The “game players” are only winning when there are no other serious competitors for their keywords. They are generally not beating sites that have dominant overall link popularity, a condition that causes many in the SEO world to cry foul, because they don’t want to apply themselves properly when their games fail to work.
Successful, traditional linking also manifests itself positively by way of the volume of traffic that is earned directly from the links themselves, especially in enthusiast realms of interest. That is a hidden bonus that is only obvious to the site owners who do this work diligently. The rest of the world never sees it.
All of the rest of these theories and speculative strategies make for endless discussion on the SEO forums, but if you employ them for your own site, they will make your job harder, take more time, add more cost, and probably produce less successful results than those of your competitor, who may be blissfully unconstrained by such unproven nonsense.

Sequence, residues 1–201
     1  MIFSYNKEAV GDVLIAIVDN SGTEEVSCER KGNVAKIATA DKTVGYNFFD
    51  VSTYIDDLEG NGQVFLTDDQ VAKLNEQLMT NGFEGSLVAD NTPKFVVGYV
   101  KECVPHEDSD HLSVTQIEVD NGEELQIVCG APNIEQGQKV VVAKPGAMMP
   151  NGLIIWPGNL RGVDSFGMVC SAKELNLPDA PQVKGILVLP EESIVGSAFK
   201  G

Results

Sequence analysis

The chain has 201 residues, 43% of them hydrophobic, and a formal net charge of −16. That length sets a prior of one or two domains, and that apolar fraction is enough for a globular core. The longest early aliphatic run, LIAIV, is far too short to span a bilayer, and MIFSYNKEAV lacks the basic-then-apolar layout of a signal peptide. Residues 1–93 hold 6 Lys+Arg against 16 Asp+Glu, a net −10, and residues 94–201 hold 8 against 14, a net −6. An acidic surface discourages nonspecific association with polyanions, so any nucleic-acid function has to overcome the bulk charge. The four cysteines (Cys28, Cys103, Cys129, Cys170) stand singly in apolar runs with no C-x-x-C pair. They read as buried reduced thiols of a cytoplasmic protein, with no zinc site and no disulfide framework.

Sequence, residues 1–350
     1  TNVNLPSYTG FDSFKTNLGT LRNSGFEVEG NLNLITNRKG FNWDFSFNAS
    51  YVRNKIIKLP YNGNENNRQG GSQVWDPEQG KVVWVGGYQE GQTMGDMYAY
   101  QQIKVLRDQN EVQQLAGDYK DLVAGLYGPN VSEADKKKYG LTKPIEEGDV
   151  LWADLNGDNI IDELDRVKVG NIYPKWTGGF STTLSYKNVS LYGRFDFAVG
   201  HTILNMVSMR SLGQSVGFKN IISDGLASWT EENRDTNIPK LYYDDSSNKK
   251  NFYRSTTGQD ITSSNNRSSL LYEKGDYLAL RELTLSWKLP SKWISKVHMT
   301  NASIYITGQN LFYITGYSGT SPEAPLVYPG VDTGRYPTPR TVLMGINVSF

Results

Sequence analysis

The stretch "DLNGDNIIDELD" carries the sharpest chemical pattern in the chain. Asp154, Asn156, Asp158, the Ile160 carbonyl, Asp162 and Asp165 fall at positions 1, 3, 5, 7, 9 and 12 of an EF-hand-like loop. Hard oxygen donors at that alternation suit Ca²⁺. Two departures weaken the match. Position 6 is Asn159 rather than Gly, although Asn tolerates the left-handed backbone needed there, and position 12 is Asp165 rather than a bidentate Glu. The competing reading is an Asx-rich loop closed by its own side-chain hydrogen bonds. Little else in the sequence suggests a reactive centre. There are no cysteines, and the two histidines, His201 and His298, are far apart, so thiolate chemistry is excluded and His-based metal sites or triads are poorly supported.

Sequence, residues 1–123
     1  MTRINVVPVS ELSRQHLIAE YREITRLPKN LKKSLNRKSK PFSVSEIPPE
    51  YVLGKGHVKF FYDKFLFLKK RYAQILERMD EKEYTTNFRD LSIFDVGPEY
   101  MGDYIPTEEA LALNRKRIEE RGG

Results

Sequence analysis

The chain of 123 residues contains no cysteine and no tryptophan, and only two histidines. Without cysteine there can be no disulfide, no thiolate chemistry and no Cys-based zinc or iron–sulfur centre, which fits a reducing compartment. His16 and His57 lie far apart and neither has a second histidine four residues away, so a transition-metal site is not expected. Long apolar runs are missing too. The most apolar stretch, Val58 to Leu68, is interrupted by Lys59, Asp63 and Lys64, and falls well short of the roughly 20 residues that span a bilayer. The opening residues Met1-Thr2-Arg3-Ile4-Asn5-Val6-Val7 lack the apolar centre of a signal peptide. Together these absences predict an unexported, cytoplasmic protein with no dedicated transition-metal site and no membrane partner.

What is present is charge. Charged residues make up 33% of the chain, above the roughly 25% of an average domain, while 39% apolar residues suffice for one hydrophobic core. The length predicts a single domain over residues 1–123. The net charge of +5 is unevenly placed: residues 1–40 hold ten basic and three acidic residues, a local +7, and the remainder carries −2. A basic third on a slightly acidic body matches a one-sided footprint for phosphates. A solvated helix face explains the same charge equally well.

The search engines seem to reward the most basic but determined linking efforts, much to the dismay of the theorists in the SEO world. Ask yourself, “Am I adding this task to my linking workload because I read about it in a search engine forum, in the hope of higher PR or rankings?” If the answer is yes, then it’s probably gamesmanship.
Simplify. Be honest and genuine with your linking efforts. Do that diligently. Ignore the rest. Good luck!
Dirk Johnson has been managing link campaigns since the mid-1990s, and writes for various sources on web promotion and linking.Ã‚Â His advice and commentary is regarded as “expert through experience.”Ã‚Â Dirk’s approach to linking has been more traditional in scope, treating it as a branding function, and not a search engine optimization function.Ã‚Â He operates LinkStrategy.com.